422 Message, April 20, 1802, transmitting a Report from
Secretary of Stale, relative to spoliations com-
426 Message opening Congress, December 15, 1802 448 Documents accompanying foregoing Message, relative to Barbary powers
454 Communications relative to Morocco
465 Message, December 22, 1802, relative to Spanish violation of treaty
481 Report relative to expulsion of emancipated negroes from French West Indies
486 Message, December 30, 1802, relating to Spanish obstruction of Mississippi
489 Message, Feb. 23, 1803, relative to Danish brigantine Heinrich
490 Message opening Congress, October 17, 1803
493 Message, October 21, 1803, relative to the cession of Louisiana to the United States
499 Message, October 24, 1803, relative to convention
with Great Britain respecting boundary 500
AMERICAN STATE PAPERS.
ACCOMPANYING THE PRESIDENT'S MESSAGE OF APRIL 3,
(Continued from Vol. III.)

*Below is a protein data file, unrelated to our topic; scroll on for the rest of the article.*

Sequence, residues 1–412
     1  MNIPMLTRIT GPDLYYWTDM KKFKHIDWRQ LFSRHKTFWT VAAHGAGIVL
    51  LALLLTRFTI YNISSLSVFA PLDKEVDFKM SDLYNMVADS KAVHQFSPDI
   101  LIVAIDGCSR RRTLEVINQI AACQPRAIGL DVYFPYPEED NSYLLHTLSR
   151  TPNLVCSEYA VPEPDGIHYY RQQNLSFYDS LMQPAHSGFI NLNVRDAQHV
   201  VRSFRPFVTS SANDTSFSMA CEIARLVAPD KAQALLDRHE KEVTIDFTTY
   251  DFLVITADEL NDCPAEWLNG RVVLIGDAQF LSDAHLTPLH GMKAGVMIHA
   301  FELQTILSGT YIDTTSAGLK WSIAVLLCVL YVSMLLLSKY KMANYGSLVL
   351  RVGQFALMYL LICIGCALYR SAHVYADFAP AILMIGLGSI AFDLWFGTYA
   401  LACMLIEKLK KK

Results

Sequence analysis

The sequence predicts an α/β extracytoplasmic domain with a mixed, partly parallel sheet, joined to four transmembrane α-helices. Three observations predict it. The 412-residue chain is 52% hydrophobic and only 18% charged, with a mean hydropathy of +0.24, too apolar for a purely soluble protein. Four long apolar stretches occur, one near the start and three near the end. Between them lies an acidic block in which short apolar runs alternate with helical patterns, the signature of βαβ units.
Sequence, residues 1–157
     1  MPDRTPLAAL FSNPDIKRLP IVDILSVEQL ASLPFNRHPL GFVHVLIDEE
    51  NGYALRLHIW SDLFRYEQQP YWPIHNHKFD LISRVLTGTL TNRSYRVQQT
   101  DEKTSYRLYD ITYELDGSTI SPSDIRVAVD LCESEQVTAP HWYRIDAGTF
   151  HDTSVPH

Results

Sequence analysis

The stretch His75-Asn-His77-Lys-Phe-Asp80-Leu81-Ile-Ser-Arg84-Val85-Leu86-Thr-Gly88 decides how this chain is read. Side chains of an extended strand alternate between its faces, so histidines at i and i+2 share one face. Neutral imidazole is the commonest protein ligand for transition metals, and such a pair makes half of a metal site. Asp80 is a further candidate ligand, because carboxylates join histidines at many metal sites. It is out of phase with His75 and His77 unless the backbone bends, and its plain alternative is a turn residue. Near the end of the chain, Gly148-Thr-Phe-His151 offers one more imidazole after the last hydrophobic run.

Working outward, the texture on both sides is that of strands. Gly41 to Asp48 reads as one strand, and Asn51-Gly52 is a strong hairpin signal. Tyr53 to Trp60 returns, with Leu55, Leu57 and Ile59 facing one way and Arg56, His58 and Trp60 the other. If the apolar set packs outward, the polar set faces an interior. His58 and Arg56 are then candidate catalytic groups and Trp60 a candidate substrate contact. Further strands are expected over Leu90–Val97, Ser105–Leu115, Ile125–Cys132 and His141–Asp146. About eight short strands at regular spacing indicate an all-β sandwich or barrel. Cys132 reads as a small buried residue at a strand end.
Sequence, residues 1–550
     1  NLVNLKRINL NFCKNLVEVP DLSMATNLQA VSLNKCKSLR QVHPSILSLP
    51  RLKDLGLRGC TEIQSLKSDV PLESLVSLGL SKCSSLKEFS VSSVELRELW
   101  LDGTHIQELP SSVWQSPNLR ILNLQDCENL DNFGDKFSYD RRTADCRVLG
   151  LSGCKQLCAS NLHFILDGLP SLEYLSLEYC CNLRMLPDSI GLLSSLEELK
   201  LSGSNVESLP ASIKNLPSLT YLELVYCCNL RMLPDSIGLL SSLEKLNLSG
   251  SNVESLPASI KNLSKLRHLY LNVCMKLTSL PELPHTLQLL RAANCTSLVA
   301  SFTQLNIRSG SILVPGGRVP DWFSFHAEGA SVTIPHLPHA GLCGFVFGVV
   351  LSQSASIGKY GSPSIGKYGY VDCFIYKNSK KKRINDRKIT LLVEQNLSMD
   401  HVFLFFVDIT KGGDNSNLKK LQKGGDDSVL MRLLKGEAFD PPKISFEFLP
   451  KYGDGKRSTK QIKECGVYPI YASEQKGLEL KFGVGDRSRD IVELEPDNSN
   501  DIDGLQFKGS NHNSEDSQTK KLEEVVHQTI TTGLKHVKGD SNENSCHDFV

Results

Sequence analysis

October 30. IMMEDIATELY after breakfast the subject was resumed. M. Y. spoke without interruption for near an hour. He said that he was desirous of making a last effort to serve us, by proposing something which might accommodate the differences between the two nations; that what he was now about to mention, had not by any means, the approbation of the directory; nor could M. Talleyrand undertake, further than to make from us the proposition to the directory, and use his influence for its success: that last week M. Talleyrand could not have ventured to have offered such propositions; but that his situation had been very materially changed by the peace with the emperor: by that peace he had acquired in an high degree, the confidence of the directory, and now possessed great influence with that body; that he was also closely connected with Buona parte and the generals of the army in Italy ; and was to be considered as firmly fixed in his post, at least for five or six months: that under these circumstances he could undertake to offer, in our behalf, propositions which before this increase of influence, he could not have hazarded. M. Y. then called our attention to our own situation, and to the force France was capable of bringing to bear upon us. He said that we were the best judges of our capacity to resist, so far as depended on our own resources, and ought not to deceive ourselves on so interesting a subject. The fate of Venice was one which might befal the United States. But he proceeded to observe, it was probable we might rely on forming a league with England. If we had such a reliance it would fail us. The situation of England was such, as to compel Pitt to make peace on the terms of France. A variety of causes were in operation which made such an effect absolutely certain. To say nothing of the opposition in England to the minister and to the war, an opposition which the fears of the nation would increase; to say nothing of a war against England which was preparing in the north; an army of one hundred and fifty thousand men, under the command of Buonaparte, spread upon the coast of France, and aided by all the vast resources of his genius, would most probably be enabled to invade England ; in which event their government would be overturned: but should this invasion not be absolutely effected, yet the alarm it would spread through the nation, the enormous expense it must produce, would infallibly ruin them, if it was to be continued ; and would drive them to save themselves by a peace : that independent of this, France possessed means which would infallibly destroy their bank and their whole paper system. He said he knew very well it was generally conjectured that Buonaparte would not leave Italy, and the army which had conquered under him, and which adored bim : he assured [us that] nothing could be more unfounded than the conjecture; that Buonaparte had for more than ten days left Italy for Rastadt, to preside over the Congress which was formed for adjusting the affairs of the empire. He said that Pitt himself was so confident of the absolute necessity of peace, that after the naval victory over the Dutch, he had signified his readiness to treat on the same terms which he had offered before that action : we could not then rely on the assistance of England. What, he asked, would be our situation if peace should be made with England before our differences with France would be accommodated ? But, he continued, if even England should be able to continue the war, and America should unite with her, it would not be in our power to injure France. We might indeed wound herally; but if we did, it would be so much the worse for us. After having stated the dangers attending us, if we should engage in the war, he proceeded to the advantages we might derive from a neutral situation : and insisted at large on the wealth which would naturally flow into our country, from the destruction of England. He next proceeded to detail the propositions which are in sub